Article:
The ability to listen and learn from one another has always been vital in parliament, in business and in most aspects of daily life. But at this particular moment in time, as national and global events continue to reiterate, it is uncommonly crucial that we forge new channels of communication and reinforce existing ones. The following article from Barnwell Primary Academy is an attempt to do just that. We would welcome your thoughts on this or any other Parliamentary Review article.
Barnwell Primary Academy
Rt Hon The Lord David Blunkett
Rt Hon The Lord Eric Pickles
1BARNWELL PRIMARY ACADEMY |
BEST PRACTICE REPRESENTATIVE
Headteacher Ashley Emmerson
Everyone can achieve their
Ensuring that every child achieves their full potential,
whatever their ability, is a central goal of Barnwell Primary
Academy in Sunderland. They have received considerable
recognition for their efforts in tackling bullying, especially
homophobic bullying, as well as in promoting physical exercise.
Making sure that the curriculum strikes the right balance
between academic and non-academic skills is, they believe, an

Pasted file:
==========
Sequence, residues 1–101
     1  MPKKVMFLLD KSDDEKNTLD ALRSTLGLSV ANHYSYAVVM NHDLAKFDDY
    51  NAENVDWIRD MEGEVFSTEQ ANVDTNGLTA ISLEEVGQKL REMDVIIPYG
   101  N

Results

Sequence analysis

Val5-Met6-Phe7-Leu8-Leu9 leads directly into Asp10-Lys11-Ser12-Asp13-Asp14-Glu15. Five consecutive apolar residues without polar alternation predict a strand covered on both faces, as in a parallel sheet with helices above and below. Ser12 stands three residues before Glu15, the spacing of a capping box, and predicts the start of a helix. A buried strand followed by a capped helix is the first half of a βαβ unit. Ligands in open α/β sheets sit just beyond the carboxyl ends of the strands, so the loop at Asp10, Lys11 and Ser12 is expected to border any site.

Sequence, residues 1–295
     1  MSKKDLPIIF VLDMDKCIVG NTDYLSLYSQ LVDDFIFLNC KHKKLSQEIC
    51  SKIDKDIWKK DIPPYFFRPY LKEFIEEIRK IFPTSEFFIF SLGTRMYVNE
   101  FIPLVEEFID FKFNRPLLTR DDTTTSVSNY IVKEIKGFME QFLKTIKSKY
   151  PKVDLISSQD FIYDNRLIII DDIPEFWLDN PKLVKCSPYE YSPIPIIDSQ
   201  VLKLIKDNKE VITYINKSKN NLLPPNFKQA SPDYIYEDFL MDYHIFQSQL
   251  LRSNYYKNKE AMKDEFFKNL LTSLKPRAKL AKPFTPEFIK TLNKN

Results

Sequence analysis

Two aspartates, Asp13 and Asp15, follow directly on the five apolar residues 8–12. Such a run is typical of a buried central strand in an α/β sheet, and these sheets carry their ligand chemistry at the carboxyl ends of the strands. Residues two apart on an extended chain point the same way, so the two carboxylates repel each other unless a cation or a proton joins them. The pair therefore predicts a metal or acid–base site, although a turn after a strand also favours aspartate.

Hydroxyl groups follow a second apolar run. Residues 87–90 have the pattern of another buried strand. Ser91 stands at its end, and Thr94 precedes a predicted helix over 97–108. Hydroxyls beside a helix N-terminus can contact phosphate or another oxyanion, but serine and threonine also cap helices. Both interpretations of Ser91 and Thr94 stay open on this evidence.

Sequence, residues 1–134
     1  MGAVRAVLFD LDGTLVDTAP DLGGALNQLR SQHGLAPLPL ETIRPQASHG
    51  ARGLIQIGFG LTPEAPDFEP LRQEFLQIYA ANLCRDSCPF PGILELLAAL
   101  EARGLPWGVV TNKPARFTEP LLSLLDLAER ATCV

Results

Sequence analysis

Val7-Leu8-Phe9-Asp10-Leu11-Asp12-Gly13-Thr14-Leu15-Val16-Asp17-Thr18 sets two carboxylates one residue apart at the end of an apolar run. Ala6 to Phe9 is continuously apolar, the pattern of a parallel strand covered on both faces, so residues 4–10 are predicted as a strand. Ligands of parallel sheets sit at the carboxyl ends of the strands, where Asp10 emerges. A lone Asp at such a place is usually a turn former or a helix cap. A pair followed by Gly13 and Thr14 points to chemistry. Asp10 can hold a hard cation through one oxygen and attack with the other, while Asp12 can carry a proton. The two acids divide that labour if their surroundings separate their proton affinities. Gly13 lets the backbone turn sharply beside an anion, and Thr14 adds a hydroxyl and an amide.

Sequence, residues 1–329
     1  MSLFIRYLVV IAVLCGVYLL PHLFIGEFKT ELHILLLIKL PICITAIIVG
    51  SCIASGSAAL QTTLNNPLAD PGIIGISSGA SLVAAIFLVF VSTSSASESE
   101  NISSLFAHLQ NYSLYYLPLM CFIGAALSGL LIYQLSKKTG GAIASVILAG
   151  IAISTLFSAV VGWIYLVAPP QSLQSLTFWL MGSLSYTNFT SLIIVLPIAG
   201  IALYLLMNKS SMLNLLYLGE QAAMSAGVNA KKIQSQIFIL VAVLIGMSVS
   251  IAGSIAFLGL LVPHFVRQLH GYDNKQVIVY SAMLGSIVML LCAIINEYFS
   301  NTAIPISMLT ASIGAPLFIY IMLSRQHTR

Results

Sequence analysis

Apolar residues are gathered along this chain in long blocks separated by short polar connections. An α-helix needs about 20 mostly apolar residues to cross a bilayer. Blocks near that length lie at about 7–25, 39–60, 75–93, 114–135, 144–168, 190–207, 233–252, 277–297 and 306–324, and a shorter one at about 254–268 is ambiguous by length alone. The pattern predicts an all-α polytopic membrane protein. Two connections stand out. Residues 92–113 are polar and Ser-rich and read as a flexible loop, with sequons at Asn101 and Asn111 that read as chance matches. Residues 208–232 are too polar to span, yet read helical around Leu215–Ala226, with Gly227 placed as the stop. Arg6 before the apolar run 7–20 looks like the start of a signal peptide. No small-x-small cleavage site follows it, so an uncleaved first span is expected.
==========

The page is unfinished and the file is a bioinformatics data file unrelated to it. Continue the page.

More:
essential part of developing a child’s potential. Headteacher
Ashley Emmerson tells
The Parliamentary Review
their efforts to get a curriculum that’s right for their pupils.
We’re a single-form primary school, operating for those aged between 3 and 11
– that is, from nursery to year 6. The school has roughly 300 children enrolled,
with nine teaching and seven support staff. We also have a children’s centre on
site, which is run by the academy trust and contains day-care provision. We have
achieved an “outstanding” rating from Ofsted for our day-care provision. We
eagerly repeat our motto, which is “Learning together and having fun”.
We’ve received recognition in many areas, not least as an anti-bullying school, as
well as being an especially physically active one with excellent early-years provision.
We’re also proud of our status as a Stonewall school champion.
Forging a path forward
On becoming headteacher in September 2015, I immediately acquainted myself
with the school, its position, its culture and the context within which it is situated.
BARNWELL PRIMARY ACADEMY
»Headteacher: Ashley Emmerson
»Founded in 2014
»Located in: Sunderland
»Type of school: Primary
»Academy converter in 2014
»No. of pupils: 295
»“Good” Ofsted rating (2017)
»“Outstanding” Early Years
Ofsted rating (2016)
THE PARLIAMENTARY REVIEW
Highlighting best practice
2| BARNWELL PRIMARY ACADEMY
One of the main contextual factors to
note is that 14 per cent of our intake
have special educational needs.
For me, it was important that the
school embarked on a holistic
approach – one that ensured our
school raised children who are healthy,
ethical and equipped with useful life
skills for all areas of life. In doing this,
it’s also important that we forge a
strong leadership team who share